Page:Marietta, or the Two Students.djvu/40

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city He is the most combustible piece of counter furniture—and by furniture I mean clerks—in all Clerkdom."

"The merest smile ever formed upon a pair of pretty lips, will make him throw down his pen, and transform him at once into a fashionable gallant. His vanity is nauseating, and equalled only by his want of sense. Do you observe how erect is his head? 'Tis the lightest and most unsubstantial part of him, and you see," she continued, "it is fast seeking a medium of its own density, or rather rarity. 'Tis a perfect-vacuum; it is almost a miracle why it has not collapsed by the pressure of air on the outside. Invert him, and the next instant he will fly back to his present position, without effort. But I lose time; let me make the attack at once, and carry him by storm. Now see how quickly I will capture him."

Saying this in an under tone to her companion, she darted off in pursuit of the tall clerk, while the student, with some considerable curiosity, watched her movements. She was soon at his elbow, and touching him lightly with the tip of her finger, giving him one of her most affective smiles, wished him a good evening.

The effect was electrical. He made a full stop—actually carried his hand to his hat and attempted to bow, which brought the trunk in an angle of forty-five degrees with the inferior extremities. It was altogether farcical. He smiled, too, in the French style—he would not smile in English—that tall clerk—and then assuming the air, gentlemanly offered, his arm to his shrewd enamorata.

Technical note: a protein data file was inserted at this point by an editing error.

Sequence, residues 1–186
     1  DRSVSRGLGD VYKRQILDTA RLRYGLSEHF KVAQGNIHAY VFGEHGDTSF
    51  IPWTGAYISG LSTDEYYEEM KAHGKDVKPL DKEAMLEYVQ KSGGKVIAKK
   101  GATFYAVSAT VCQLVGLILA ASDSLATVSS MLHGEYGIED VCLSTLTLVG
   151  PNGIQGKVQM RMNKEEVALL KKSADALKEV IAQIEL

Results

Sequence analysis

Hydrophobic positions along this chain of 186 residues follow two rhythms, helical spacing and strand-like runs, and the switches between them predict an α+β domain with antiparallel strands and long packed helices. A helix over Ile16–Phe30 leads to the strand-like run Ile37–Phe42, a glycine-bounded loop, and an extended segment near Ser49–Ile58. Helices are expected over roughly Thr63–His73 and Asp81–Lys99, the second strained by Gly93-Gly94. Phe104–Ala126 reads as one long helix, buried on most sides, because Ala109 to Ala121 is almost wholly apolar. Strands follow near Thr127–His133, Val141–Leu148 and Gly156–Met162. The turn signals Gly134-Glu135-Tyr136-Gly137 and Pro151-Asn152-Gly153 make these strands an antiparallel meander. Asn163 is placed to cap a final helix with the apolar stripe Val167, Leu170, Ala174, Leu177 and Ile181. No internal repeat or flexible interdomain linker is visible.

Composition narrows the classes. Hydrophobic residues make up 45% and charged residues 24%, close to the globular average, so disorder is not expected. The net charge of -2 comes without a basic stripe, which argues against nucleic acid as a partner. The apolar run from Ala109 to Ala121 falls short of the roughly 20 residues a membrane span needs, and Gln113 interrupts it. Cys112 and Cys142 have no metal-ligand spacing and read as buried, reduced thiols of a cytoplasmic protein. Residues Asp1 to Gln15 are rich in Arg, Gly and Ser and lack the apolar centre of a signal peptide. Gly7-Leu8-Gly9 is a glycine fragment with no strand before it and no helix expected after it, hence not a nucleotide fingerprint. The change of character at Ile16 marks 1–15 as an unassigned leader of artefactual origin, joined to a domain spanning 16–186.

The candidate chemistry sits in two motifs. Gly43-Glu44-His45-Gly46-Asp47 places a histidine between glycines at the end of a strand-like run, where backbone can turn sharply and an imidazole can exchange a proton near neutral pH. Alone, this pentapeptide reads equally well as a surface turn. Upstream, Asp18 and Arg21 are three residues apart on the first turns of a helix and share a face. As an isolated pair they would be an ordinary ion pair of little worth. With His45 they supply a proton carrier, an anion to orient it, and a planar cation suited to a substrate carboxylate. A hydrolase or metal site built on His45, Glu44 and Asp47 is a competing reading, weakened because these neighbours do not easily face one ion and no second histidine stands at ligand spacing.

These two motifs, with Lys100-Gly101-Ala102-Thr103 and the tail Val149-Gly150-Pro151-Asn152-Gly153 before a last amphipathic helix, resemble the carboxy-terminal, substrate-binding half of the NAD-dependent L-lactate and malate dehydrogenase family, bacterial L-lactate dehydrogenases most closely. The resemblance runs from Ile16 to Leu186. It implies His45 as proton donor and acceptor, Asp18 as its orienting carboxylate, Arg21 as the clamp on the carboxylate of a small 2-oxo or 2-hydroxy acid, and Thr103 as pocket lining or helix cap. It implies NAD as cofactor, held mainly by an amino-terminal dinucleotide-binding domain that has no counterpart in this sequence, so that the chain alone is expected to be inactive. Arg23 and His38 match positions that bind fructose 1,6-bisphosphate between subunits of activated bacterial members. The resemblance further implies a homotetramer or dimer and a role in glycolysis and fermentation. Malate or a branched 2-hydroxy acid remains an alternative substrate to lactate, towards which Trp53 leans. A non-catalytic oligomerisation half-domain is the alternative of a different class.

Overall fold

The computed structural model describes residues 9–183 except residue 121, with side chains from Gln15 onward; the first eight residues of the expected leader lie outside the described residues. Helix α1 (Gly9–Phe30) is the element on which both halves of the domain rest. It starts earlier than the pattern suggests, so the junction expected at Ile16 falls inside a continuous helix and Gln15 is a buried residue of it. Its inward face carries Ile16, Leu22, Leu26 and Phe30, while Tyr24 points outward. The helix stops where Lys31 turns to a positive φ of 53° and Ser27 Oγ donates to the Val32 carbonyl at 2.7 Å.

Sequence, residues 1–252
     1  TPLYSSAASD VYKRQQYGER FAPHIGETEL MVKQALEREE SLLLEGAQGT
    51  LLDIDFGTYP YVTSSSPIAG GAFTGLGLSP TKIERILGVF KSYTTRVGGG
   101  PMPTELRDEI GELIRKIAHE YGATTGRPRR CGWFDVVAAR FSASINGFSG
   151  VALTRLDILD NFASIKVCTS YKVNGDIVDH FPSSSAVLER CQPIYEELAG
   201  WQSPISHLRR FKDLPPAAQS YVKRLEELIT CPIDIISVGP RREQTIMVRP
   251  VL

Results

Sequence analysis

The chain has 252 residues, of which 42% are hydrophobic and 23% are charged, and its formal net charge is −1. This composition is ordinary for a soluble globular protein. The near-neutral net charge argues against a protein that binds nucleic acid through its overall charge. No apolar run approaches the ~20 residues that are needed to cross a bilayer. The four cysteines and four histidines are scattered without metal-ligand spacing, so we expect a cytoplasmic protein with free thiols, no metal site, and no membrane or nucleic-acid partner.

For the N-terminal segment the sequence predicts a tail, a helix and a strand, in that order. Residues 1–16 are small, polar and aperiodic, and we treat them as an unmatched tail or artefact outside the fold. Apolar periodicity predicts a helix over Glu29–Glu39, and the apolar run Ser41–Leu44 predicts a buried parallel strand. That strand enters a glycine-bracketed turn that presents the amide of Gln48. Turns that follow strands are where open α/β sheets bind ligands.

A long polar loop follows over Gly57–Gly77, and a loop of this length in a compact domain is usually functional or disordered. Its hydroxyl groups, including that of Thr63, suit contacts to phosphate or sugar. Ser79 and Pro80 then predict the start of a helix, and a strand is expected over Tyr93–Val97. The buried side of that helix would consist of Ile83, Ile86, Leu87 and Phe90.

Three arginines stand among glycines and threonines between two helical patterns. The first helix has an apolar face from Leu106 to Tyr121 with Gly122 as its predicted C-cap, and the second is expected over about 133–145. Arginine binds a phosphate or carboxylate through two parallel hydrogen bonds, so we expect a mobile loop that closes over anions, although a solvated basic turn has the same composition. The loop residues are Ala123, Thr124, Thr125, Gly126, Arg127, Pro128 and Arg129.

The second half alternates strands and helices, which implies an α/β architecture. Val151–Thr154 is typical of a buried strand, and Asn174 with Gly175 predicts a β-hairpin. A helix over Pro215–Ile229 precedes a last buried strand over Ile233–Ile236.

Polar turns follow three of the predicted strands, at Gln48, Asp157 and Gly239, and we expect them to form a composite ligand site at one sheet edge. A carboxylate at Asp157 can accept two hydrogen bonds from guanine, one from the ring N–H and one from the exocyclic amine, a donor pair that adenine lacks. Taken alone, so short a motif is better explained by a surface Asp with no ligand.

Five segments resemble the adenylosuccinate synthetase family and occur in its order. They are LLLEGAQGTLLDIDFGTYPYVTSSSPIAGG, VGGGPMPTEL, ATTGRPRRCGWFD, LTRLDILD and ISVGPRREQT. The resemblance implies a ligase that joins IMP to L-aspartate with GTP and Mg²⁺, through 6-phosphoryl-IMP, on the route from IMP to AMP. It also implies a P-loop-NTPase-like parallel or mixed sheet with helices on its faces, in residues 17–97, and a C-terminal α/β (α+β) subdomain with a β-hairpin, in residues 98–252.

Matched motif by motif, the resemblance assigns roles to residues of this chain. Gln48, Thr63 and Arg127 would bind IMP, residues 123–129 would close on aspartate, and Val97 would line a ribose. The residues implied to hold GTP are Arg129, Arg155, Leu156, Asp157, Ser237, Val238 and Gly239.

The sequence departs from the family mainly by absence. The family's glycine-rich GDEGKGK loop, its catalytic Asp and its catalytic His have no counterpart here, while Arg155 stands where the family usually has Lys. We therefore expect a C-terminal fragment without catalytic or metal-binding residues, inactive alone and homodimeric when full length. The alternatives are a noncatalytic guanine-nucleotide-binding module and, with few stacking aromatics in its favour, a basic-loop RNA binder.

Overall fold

But she was not satisfied with this, she wished her companion to know for a certainty that she had triumphed, and accordingly signified her desire to go in an opposite direction, which he instantly consenting to, she returned leading, or being led by his clerkship.

Giving a sly wink at them as she passed, they were soon lost in the winding of the street; the former, probably, forgetting that there was such things as ink and paper, or a master or a counter. Charming abstraction from the cares of life!


In which are several Dilemmas.

Levator was now near the termination of Salem Street, and the residence of Dr. G. He was passing Sheafe Street when he heard a voice which sounded familiar. He instinctively paused, thinking it might possibly be the person of whom he was in search. Looking up the street from whence the sound proceeded, he saw through the surrounding gloom the outlines os two persons, who appeared to be engaged in low and earnest conversation. Approaching as near as he dared, for fear of being seen, he put himself once more in the attitude of a listener. He could scarcely restrain an exclamation of surprise when he recognized Thick as one of the parties. He felt an irresistable desire to hear the subject of their conversation. Protected from observation by the shadow of the houses upon either side, he moved within earshot of the parties. What was his surprise to hear his own name mentioned, and his curiosity was excited still more when he learned that the other individual was a constable. "The body," said Thick, glancing cautiously about him. "is now on M—— Street. I discovered it there to-day in the manner first related. If you go there immediately you can surprise him in his horrid work. He is at this moment unconcious of danger, making the dissection. But you must remember the conditions on which I make these statements. Do not for your life let him know that I betrayed the secret."

"Rest assured that your name shall not be mentioned in connection with the affair," replied the constable.